I will refrain from commenting on issues internal to Westminster Theological Seminary, its administration, faculty, students, and constituency, since I have no basis for comment. It is clear that Westminster has some hard times ahead with the disunity this controversy is raising and the institution needs our prayers. Perhaps even more than this, Dr. Enns needs our prayers. I can’t imagine what it would be like to go through this sort of investigation.
If you want to follow the controversy, I encourage you to keep tabs on Brandon Withrow‘s blog. In addition, Christianity Today also has a blog post and an article on the events. Peter Enns also has a website, though I imagine he will not be posting anything relating to this controversy in the near future.
The sad irony of this whole controversy is found in Dr. Enns’s words from the preface to Inspiration and Incarnation:
I am thankful for being part of such a solidly faithful group [the Westminster faculty] that does not shy away from some difficult yet basic questions and with whom I am able to have frank and open discussions. This does not happen at every institution, and I do not take that privilege for granted” (p. 9).
Sadly, it seems “frank and open discussions” don’t occur at Westminster after all.
Well, it’s April Fool’s Day (and appropriately my birthday) and I thought rather than trying to fool everyone with a clever post, I would do a post on the different types of fools in the Hebrew Bible, and more specifically in the book of Proverbs.
The first fool we meet in the book of Proverbs is presented as the antithesis of the person who is seeking wisdom:
The fear of Yahweh is the beginning of knowledge; fools/dullards (אוילים) despise wisdom and instruction (Prov. 1:7).
We meet the other three fools a bit later on the lips of Woman Wisdom (חכמות), when she cries out in the streets to the fools and admonishes them to heed her advice:
How long, O simple ones (פתים), will you love being simple?
How long will scoffers (לצון) delight in their scoffing
and fools (כסילים) hate knowledge? (Prov. 1:22)
These four types of fools have the wrong attitudes prerequisite for gaining wisdom. As fools, however, they are not all equal. There is still hope for the simple one, while the dullards, fools, and the scoffers are progressively more set in their ways.
The Simple (petayim; פתים).
The Hebrew word petayim (פתים) is found 17 times in the Bible, 13 of which in the book of Proverbs. The petayim are simple and naive; accordingly most English translations render petayim with “the simple” (KJV, NIV, NRSV, NJPS, etc.). They are untutored (1:4); lacking both sense (7:7; 8:5) and wisdom (9:6). They are self-satisfied (1:22); uncommitted (7:21); and believe everything (14:15). A bit dense too in that they do not avoid danger (22:3; 27:12), if they even knew where they were going (1:32). But they do have the potential to learn (8:5; 19:25; 21:11), and are the object of wooing by both Woman Wisdom (9:6) and Woman folly (9:4, 16). Their basic need is shrewdness, as they are weak-willed and easily seduced, but there remains some hope for them.
Fools/Dullards (kisîlîm; כסילים). Kisîlîm (כסילים) is the dominant word in the Hebrew Bible for fool. It occurs some 70 time in the Old Testament and a whopping 49 time in the book of Proverbs. While it is typically translated in English by “fool” (KJV, NRSV, NIV, etc.), the NJPS renders it consistently as “dullard” — which may not be a bad practice so as to differentiate them from the other type of fool, the ‘evîlîm. Dullards hate knowledge (1:22); are complacent (1:32); and reckless (14:16; 17:10; 29:11). They lack understanding and sense (8:5); are deluded (14:8); take pleasure in evil (10:23). They are easily seduced by folly (7:22); and their actions are foolish (13:16; 14:24), and they are an embarrassment to their parents (15:20; 17:21, 25; 19:13). And are characterized by imprudent and slanderous speech (10:18; 12:23; 13:16; 14:7; 15:2, 7, 14; 18:2, 6, 7; 19:1), and do not take rebuke seriously (17:10). They should not be trusted (26:6). The only saving grace for dullards is that they are potentially teachable (8:1-5; but 17:16, 23:9), though you need to have wisdom to know when it is appropriate to answer them (26:4-5). My favourite proverb associated with the kisîlîm (and perhaps my favourite out of the whole book of Proverbs) is Prov 26:11, “As a dog returns to its vomit, so a dullard repeats his folly.”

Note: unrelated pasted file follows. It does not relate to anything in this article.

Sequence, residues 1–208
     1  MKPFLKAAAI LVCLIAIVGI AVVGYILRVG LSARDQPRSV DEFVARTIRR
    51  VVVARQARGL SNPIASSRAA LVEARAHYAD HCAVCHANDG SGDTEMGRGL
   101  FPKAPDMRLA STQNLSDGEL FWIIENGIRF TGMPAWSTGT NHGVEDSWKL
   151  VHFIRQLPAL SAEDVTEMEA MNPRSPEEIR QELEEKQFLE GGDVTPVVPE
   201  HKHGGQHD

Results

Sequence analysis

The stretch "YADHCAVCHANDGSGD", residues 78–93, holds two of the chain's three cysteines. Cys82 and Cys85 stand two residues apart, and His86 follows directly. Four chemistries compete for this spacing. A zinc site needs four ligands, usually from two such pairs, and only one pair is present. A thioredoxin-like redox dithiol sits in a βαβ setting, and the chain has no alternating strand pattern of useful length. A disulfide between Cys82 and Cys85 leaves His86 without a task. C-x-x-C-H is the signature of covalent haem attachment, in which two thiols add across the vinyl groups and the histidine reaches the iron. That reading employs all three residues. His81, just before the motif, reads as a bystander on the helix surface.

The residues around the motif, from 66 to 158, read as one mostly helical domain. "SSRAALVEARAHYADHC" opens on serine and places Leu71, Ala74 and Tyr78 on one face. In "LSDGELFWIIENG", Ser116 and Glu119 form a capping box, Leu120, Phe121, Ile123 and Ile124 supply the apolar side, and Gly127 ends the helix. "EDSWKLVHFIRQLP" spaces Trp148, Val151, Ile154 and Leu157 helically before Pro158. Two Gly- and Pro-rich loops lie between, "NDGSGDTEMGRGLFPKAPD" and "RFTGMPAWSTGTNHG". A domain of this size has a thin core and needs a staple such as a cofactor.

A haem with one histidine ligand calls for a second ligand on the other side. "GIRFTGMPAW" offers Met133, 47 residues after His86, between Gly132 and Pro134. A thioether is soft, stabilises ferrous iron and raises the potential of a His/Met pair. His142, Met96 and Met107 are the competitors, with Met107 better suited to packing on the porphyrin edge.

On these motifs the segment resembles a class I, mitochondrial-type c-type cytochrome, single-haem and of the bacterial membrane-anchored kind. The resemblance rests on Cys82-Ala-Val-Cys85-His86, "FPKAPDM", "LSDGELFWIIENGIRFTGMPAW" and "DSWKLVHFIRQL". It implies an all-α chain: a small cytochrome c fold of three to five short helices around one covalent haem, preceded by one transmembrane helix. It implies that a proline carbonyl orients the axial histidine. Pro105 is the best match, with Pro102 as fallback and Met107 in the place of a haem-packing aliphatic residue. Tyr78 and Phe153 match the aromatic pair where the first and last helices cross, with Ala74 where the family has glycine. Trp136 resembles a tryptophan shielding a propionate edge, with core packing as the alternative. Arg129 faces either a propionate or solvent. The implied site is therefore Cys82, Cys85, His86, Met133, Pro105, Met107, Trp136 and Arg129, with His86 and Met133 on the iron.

Fools (‘evîlîm; אוילים).
The word ‘evîlîm (אוילים), typically translated as “fool” in English translations, is found 26 times in the Hebrew Bible, 19 of which occur in the book of Proverbs. These fools despise wisdom and discipline (1:7); are thoughtless (7:22); are self-deceived (12:15); have a lack of sense (10:21); and are incorrigible (27:22). They don’t take advice (12:15; even of a parent – 15:5); and are characterized by chattering speech (10:8, 10, 14; 14:3; 14:9; 20:3; 29:9; cf. 17:28). They are easily angered (12:16) and quick to quarrel (20:3). My favourite image associated with this type of fool is found in Prov 27:22, “Even if you pound the fool in a mortar, grinding him like grain in with a pestle, you will not remove his folly from him.” Ouch!
Scoffers (letsîm; לצים).
The verb lyts (ליץ) “to scoff” occurs a total of 28 times in the Hebrew Bible; it is found in the book of Proverbs 18 times, frequently as a substantive participle translated as “scoffer” or “mocker.” These mockers delight in their mocking (1:22); are proud (3:34; 21:24); and vainly seek wisdom (14:6); and are incorrigible (9:7; 15:12). Not only do they not listen to correction (13:1; 15:12), they abuse those who try to rebuke them (9:7, 8); and mock things that are of value (14:9). They are an abomination to all (24:9). There is not much hope for them.
So this April Fool’s Day, have some fun, pull some practical jokes, but do not act a fool — at least not in the biblical sense of the word!